ATLANTA — Putting on a pair of wire-rimmed glasses, Georgia Tech head coach Paul Johnson looked down at the sheet of paper in front of him and read off the list of names scribbled upon it as if picking teams for a sandlot game.
“Let’s see, A.T. Barnes, Malcolm Munroe, Chris Crenshaw, they’re on (one) side,” Johnson said. “(Anthony) Egbuniwe, (Albert) Rocker, (Oshahon) Tongo, they’re on the other side.”
Detailing some of the many players he wants to work in at outside linebacker this week and for the next several, Johnson, during a news conference last week, indicated that there will be a host of faces outlining the Yellow Jackets’ depth chart at the key position between now and April 24’s T-Day spring game.
“That’s all fluid, all that could change once we get out there and start playing,” he said.
May the guessing game end and the action begin.
This afternoon, Johnson brings his Yellow Jackets out of their winter slumber — one that started after an ACC championship win over Clemson in December and an Orange Bowl loss to Iowa in January — and onto the practice fields for the start of spring workouts and the unofficial beginning of the 2010 season.
Workouts are open to the public and are tentatively scheduled to begin at 3:45 p.m. every Monday, Wednesday and Friday between now and April 23. The team also is expected to practice Saturday mornings inside Bobby Dodd Stadium.
A group that saw a bevy of off-field moves and maneuvers this offseason, the Yellow Jackets hope to prove to others, as well as themselves, that last year’s conference success can be replicated and extended into the bowl season.
“There’s a lot of excitement,” Johnson said. “We’ve had some coaching changes, some scheme tweaks so to speak, and anytime you do that, we can use everybody’s enthusiasm and everybody feels like that they’re on square one and everybody feels like they have an opportunity to play.”
Yes, change has definitely come to the Midtown Atlanta campus.
Just days after Georgia Tech’s 11-3 finish, the team learned four of its best players had plans of leaving the Institute a year early in hopes of beginning NFL playing careers immediately.
With their absences, new players are expected to emerge at B-back, receiver, defensive end and safety; spots that look less certain than they may have this time a year ago.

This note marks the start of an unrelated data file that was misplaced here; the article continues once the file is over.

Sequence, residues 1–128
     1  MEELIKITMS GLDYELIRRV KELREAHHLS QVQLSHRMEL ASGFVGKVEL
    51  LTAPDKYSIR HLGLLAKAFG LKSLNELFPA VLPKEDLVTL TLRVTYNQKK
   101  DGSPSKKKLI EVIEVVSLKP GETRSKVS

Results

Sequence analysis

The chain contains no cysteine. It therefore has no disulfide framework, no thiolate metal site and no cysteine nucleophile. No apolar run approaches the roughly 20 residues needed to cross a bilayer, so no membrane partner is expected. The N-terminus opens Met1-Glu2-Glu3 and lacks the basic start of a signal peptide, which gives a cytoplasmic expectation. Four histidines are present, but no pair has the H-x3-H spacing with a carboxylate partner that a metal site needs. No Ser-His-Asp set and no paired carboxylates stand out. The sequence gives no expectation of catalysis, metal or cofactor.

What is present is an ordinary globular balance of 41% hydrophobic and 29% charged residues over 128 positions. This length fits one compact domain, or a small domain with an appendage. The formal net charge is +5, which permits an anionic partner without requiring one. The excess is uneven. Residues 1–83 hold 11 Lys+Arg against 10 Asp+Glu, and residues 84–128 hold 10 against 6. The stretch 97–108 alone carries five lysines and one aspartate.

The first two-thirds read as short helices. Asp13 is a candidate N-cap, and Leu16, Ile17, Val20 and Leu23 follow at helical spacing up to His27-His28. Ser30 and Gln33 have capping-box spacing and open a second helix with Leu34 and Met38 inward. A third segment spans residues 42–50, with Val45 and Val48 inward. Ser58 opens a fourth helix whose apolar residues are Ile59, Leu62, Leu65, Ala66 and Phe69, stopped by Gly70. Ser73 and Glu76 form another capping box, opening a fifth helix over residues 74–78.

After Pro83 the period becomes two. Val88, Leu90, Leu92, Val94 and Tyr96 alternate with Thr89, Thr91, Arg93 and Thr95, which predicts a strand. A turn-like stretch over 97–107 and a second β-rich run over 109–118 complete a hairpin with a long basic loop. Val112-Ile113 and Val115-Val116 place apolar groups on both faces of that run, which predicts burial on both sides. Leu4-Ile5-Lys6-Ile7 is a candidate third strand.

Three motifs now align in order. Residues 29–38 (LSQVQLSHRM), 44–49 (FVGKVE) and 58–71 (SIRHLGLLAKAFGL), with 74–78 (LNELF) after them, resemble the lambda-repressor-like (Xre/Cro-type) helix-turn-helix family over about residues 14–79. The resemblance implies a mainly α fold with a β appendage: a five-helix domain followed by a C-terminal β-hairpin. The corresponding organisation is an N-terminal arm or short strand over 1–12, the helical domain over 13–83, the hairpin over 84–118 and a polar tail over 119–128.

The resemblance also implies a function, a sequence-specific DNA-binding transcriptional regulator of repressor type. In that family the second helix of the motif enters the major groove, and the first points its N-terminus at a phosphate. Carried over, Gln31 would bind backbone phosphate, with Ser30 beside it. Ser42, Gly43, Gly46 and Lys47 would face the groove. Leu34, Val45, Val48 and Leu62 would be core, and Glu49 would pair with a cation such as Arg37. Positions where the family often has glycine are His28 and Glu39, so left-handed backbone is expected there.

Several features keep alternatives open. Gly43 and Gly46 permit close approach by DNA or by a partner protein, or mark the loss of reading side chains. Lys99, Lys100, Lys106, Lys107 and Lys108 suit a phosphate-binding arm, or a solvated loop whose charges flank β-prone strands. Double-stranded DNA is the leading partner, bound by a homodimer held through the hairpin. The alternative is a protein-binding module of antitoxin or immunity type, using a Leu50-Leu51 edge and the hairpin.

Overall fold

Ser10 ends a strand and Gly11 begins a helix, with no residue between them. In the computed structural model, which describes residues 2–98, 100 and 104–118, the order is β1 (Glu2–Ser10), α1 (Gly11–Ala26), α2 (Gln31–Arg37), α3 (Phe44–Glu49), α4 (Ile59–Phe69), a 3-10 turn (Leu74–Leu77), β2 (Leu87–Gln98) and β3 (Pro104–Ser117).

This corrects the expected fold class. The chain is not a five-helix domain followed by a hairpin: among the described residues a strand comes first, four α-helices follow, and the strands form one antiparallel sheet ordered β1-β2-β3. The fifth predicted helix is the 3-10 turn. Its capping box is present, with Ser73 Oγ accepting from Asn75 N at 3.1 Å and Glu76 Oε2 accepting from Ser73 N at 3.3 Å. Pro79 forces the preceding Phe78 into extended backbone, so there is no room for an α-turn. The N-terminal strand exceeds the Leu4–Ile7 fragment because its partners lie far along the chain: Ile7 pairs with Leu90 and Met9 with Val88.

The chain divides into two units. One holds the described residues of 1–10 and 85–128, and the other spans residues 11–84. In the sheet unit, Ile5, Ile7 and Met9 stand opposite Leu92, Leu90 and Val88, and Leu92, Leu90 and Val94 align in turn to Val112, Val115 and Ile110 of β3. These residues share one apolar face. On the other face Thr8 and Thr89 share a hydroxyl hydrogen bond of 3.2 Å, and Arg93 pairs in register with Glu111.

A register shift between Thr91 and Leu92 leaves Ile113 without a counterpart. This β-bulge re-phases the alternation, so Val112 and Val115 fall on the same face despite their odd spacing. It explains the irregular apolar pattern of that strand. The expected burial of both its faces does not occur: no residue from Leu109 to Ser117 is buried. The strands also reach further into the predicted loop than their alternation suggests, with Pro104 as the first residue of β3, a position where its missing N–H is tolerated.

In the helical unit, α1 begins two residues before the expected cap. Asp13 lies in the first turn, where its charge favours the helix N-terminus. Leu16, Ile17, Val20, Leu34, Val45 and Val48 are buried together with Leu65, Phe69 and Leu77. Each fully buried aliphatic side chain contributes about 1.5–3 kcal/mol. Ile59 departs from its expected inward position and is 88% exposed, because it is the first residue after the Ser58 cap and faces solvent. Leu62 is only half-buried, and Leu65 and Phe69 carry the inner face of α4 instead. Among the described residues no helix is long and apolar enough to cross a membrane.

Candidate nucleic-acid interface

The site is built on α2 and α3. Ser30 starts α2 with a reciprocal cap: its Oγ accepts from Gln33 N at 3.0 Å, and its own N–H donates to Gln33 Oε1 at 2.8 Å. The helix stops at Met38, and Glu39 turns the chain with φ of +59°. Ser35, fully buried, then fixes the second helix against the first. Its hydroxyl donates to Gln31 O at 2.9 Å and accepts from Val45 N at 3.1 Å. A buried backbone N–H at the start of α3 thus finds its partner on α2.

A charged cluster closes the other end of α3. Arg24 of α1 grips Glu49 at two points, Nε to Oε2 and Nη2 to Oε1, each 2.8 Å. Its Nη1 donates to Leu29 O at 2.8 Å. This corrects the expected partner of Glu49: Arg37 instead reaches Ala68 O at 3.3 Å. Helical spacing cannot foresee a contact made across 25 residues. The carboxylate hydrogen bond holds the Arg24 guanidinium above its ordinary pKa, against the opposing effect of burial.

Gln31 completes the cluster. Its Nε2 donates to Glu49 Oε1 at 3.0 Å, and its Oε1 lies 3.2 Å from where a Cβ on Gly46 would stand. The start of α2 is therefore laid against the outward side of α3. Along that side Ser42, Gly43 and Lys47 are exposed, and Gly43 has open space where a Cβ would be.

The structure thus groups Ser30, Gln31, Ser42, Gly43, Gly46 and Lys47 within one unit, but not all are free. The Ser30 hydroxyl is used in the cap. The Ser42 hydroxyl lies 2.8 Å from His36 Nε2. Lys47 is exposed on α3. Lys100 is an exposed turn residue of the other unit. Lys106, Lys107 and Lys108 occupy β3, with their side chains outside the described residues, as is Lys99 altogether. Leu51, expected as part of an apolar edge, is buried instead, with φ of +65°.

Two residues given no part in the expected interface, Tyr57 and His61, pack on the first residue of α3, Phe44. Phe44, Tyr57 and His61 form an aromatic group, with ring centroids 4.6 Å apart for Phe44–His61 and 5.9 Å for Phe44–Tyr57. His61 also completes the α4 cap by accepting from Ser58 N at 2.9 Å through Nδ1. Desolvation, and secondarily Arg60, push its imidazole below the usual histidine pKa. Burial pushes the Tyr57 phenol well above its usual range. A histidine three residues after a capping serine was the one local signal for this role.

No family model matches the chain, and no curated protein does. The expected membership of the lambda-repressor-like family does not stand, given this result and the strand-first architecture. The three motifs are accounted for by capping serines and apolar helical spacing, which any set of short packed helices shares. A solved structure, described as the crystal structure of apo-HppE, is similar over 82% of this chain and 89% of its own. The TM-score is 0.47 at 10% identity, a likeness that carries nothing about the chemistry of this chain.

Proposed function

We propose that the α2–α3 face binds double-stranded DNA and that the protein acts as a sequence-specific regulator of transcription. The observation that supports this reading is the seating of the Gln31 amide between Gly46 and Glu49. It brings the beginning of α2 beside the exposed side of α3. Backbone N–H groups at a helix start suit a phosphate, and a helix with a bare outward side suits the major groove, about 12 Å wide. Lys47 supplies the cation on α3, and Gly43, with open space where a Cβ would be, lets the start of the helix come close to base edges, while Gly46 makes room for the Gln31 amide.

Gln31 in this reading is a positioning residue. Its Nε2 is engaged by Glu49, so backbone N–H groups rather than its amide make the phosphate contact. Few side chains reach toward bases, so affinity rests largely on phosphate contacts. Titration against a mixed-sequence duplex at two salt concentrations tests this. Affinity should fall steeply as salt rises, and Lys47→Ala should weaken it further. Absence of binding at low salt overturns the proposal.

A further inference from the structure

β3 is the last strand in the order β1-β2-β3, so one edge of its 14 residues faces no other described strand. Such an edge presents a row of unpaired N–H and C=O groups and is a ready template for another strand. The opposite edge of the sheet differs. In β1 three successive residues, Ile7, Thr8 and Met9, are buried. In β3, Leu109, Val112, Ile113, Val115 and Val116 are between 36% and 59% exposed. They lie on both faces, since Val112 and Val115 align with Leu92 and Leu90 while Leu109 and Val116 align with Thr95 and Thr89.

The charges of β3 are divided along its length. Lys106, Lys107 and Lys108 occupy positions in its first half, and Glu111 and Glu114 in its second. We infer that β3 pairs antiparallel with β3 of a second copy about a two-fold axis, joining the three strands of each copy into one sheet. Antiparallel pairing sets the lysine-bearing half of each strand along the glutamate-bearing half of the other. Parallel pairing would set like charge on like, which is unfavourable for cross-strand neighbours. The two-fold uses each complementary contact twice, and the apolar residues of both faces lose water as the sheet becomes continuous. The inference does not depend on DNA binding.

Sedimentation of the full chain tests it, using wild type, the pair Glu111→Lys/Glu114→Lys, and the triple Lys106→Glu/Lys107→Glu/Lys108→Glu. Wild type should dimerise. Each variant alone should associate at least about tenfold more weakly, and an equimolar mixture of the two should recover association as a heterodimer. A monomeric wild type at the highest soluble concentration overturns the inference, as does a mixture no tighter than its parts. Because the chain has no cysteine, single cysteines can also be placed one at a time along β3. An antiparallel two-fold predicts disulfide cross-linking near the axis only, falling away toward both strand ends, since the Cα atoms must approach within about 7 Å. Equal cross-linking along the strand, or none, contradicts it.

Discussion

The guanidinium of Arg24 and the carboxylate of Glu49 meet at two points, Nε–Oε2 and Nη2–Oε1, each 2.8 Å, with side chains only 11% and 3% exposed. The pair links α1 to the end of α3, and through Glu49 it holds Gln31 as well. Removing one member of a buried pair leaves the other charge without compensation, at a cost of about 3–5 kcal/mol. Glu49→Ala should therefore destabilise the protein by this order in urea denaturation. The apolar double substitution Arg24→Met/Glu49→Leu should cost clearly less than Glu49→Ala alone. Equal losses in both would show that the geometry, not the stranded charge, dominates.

Take, for instance, the B-back battle. With relative ease, then-reigning ACC player of the year Jonathan Dwyer had the spot locked up last spring while the hunt was on to see who would be starting in the backfield with him at A-back.
This year, a much different story will be told. The favored starter — former A-back Anthony Allen — is not a lock at the position, Johnson said. And with the news Friday that backup Daniel Drummond would be ineligible for at least 10 games next season for violating NCAA eligibility rules, the battle has gotten even bigger with the emergence of true freshman Charles Perkins.
“I’m really impressed with him in the (morning) drills,” Johnson said of Perkins. “He’s definitely a player. So (at B-back) it’s not like it’s ‘You’re the anointed one, here you go, partner.’ There’s going to be some competition there, too.”
A high school senior in the fall, Perkins enrolled in Georgia Tech in January along with fellow freshmen Isaiah Johnson and B.J. Bostic. Each will be allowed to participate in spring practices.
In addition to the early departures of four star players, the Yellow Jackets this offseason watched a revolving door of coaching changes unfurl around them.
Gone are defensive coaches Dave Wommack, Giff Smith and Brian Jean-Mary, as well as A-backs coach Jeff Monken. Wommack was fired, while Smith, Jean-Mary and Monken left for vacancies with other programs.
Their departures opened opportunities at Georgia Tech for longtime NFL assistant and college head coach Al Groh, former N.C. State recruiting coordinator Andy McCollum, onetime Navy assistant Joe Speed and Yellow Jackets graduate assistant Lamar Owens. Once a player under Johnson, Owens earned his first coaching promotion, taking over Monken’s primary duties.
“With the coaches, it’s been smooth, it’s been good,” Johnson said. “We’ve got a good coaching staff. I’m excited about that and the relationship is good. It’s kind of what I thought it would be and where I want it.”
Heralded for his work with the linebacker-heavy 3-4 base defense, Groh is expected to reshape the Yellow Jackets defense after it surrendered more than 360 yards per game to opposing offenses last season.
In addition to the players on Johnson’s list at outside linebacker, look for Middle Georgians Julian Burnett, Brad Jefferson and Brandon Watts to have an impact on the interior this spring.
Placing his eldest and heaviest players on the thee-man defensive line — more for ease than anything else — Johnson will hold a conditioning-rich competition for the front line spots that could conclude in disappointment for some.
“More than likely, I’m going to move a defensive lineman or two to offensive line,” Johnson said. “I’ve challenged a couple of those guys with their conditioning and weight, if they don’t do a better job, I don’t want to lie to them, that’s where they’re headed.”